How do I put together a full time documentary video crew?

by Carlos Albuquerque

Documentary CrewI am the co-founder of a start up nonprofit. At this point I am in charge of some important parts of the business plan, and one of the plan subjects I am responsible for is to put together a documentary crew.

I own a small video studio but besides some help from my wife and sometimes my kids (to hold second cameras, lights and help with some chroma key shoots), I always worked alone. I need to be as accurate as possible with the strategic plan so we do not over staff or under staff this video team.

So, my question is: how many team members and what titles do we need to hire in order to have a successful work flow. This team is based on the following job details:

- These are full time positions (all year).
- Some videos will include animation (hiring animator vs outsource to animation studios).
- First set is 12 videos with a duration of 30 to 40 minutes each (some are animation).
- The creation of new videos is constant (our programs uses mainly videos as a delivery path).
- I believe we will need intensive media release forms.
- Video and sound capture, editing, animation, our video streaming system, internet presence.

I am assuming team members need to be flexible at multiple jobs, for example, the crew that does footage capture work on field will be able to do editing if necessary, field sound tech will be able to do sound editing and take care of music and copyright licensing, if hiring an animator he/she can do some graphics and graphic motion and some video editing if needed. I don't know if this is the right approach but these are full time positions and this will be a funded non profit project and I am sure will not be able to carry team members that are not really necessary and not reasonably productive.

The work as I imagine at this point will include on the field 2 or 3 cameras (sometimes an extra spread out set of GoPro's), one sound tech with pole and/or interview capture with lavaliers, in studio some green screen capture, video editing (with one or two workstations, including photography), sound editing and animation with some graphics creation and graphics motion.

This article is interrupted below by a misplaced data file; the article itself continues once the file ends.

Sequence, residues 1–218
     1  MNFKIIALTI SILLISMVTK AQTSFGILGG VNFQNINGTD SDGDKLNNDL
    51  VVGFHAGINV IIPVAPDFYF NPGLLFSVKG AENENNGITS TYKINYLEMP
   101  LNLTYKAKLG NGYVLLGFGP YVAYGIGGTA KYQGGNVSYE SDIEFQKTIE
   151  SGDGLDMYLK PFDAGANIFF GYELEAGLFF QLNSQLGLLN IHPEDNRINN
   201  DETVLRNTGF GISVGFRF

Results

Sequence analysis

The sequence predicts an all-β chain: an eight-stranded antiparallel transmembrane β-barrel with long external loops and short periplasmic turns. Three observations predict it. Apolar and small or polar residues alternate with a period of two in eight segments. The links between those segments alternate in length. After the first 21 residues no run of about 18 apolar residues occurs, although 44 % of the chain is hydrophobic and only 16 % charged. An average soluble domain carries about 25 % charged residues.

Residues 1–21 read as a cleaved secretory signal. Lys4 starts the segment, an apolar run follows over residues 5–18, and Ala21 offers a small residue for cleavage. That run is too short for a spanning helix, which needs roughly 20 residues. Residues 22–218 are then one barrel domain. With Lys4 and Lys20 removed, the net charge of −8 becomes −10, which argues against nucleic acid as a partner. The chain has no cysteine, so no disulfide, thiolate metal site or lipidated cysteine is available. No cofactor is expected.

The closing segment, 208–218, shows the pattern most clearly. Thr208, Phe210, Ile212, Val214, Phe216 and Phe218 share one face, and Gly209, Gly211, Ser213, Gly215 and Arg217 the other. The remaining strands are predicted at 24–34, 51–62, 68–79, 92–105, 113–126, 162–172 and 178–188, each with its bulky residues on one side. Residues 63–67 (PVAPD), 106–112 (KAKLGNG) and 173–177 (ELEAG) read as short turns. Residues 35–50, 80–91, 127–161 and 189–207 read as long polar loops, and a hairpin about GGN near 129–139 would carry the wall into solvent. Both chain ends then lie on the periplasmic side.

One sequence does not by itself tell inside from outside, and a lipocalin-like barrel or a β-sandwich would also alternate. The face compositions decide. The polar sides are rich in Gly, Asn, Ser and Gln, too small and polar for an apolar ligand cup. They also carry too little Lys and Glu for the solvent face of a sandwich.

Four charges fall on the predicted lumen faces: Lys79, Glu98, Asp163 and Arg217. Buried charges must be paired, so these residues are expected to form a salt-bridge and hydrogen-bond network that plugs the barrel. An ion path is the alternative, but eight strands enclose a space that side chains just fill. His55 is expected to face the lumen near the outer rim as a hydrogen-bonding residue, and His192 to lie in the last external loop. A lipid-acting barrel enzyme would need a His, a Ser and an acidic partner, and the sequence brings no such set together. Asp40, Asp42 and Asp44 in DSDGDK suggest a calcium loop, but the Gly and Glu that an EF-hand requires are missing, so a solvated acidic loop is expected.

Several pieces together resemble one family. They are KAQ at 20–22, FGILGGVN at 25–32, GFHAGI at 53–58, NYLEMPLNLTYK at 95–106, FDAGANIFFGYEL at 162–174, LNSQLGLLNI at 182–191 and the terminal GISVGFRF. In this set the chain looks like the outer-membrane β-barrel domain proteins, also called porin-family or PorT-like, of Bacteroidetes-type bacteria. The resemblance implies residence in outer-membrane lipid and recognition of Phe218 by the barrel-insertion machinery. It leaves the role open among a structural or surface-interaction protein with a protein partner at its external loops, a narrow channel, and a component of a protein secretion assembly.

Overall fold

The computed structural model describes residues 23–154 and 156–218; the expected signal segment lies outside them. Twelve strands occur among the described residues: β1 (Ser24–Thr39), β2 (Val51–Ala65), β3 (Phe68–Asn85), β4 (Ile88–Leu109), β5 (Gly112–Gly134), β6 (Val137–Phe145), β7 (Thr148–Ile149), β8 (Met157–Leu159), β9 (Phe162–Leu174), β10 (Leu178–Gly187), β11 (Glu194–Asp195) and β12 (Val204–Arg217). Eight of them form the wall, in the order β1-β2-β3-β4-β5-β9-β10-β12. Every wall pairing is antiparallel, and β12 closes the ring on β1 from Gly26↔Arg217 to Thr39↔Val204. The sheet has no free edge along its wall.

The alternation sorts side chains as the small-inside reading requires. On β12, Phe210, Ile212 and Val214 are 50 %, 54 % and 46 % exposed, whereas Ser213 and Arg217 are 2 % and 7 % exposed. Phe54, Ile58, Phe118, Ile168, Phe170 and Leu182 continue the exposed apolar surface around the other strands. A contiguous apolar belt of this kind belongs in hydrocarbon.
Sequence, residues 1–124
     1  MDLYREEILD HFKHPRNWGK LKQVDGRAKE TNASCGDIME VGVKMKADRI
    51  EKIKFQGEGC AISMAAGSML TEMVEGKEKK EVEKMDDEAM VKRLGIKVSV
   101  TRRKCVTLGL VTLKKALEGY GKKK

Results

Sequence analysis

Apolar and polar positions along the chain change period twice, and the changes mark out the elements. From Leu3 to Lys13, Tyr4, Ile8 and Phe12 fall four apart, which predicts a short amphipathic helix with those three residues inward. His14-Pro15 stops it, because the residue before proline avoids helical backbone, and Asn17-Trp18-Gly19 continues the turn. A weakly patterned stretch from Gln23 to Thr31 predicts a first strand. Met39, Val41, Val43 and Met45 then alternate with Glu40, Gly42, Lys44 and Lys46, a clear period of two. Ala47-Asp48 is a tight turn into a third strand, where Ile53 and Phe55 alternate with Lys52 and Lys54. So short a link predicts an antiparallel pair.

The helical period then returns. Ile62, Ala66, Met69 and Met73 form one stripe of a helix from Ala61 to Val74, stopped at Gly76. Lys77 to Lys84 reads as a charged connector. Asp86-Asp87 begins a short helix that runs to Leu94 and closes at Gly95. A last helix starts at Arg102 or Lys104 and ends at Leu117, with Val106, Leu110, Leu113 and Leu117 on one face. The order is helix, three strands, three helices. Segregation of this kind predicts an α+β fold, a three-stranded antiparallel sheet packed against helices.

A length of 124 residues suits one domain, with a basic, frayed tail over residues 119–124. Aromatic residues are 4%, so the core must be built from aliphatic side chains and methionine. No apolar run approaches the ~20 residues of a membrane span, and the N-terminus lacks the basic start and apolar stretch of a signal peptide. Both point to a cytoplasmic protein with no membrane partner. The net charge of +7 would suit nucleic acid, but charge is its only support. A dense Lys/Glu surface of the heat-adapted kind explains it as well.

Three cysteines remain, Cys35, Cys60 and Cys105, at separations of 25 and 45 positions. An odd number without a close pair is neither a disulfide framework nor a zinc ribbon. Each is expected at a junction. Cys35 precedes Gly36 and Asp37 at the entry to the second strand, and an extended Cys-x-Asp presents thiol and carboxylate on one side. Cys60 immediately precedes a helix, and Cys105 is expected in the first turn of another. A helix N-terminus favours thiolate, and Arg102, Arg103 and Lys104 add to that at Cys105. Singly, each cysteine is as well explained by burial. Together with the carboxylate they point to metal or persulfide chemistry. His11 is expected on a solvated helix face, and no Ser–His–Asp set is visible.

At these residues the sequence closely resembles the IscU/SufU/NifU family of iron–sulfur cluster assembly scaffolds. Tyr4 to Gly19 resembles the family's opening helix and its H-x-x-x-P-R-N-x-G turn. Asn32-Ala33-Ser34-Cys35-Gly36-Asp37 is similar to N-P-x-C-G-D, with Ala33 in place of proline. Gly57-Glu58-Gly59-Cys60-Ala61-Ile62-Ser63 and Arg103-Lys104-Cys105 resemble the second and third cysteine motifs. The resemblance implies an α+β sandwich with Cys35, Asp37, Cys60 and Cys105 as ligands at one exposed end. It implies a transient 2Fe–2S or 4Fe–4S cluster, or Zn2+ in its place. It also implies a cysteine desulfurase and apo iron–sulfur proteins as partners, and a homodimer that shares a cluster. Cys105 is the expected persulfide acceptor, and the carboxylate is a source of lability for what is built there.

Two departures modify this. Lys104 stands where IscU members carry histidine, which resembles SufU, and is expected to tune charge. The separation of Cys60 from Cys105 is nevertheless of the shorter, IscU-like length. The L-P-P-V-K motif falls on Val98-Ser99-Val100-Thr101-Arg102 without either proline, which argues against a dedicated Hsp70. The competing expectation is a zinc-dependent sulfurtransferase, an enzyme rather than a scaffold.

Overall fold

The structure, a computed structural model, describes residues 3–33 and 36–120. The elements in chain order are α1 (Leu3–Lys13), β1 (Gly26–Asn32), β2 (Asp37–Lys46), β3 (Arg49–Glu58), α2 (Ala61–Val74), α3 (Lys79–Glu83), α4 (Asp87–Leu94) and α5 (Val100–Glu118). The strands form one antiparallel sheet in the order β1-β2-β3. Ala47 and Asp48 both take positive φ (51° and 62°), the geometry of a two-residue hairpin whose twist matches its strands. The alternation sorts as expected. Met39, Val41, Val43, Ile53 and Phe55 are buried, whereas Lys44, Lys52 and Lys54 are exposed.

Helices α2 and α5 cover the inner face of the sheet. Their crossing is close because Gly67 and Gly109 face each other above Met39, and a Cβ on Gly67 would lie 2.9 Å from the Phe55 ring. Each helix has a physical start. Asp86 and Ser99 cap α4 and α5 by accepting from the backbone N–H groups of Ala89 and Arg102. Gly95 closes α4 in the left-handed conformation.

My question and the help I am asking for is not about equipment, is about the video crew. I have never worked with a crew like this and I would really appreciate some help understanding the process of putting this team together.

Thank you very much.

Desktop Documentaries | Answer

First of all WOW. Sounds like you have some serious production plans. The ideal crew is often people who are already working together. Have you considered approaching a local video production company to help you? Another idea is to hire a producer/director and it's their job to hire their “team”, people they trust and have worked with in the past. If YOU are the director, then I would start by looking for your first “most important” hire such as a camera person. Work with that person to find other needed crew based on who they recommend.

Depending on your budget, the job you are describing could be handled by one person or many.

In theory, you could find a “one-(wo)man-band” who produces/shoots/writes/edits the videos. This is not ideal as this dilutes production values. But it's definitely possible.

In an ideal world where budget is not an issue, here is a typical production crew:

Producer/Director – This person is in charge of coordinating the shoots, managing the budget, hiring freelancers, conducting the interviews and seeing the production through from concept to completion.

Lead Camera – This is your primary cinematographer who is in charge of shooting the footage and making sure all the audio/visuals are captured in a professional manner. This person oversees video, lighting and sound which he/she can do alone or can hire a crew including a specialized lighting person and sound recordist. Depending on the size of the production/budget, there can be additional positions added for lighting, camera and sound assistants.

Scriptwriter - The scriptwriter is in charge of crafting the story on paper (prior to editing) either by writing narration or piecing together bits of interviews that tell the desired story. The script is then handed off to the video editor. Depending on the type of productions you're making, you may or may not need a full time scriptwriter. Sometimes this job can be handled by the producer or another staff member or hired out to a freelancer as needed.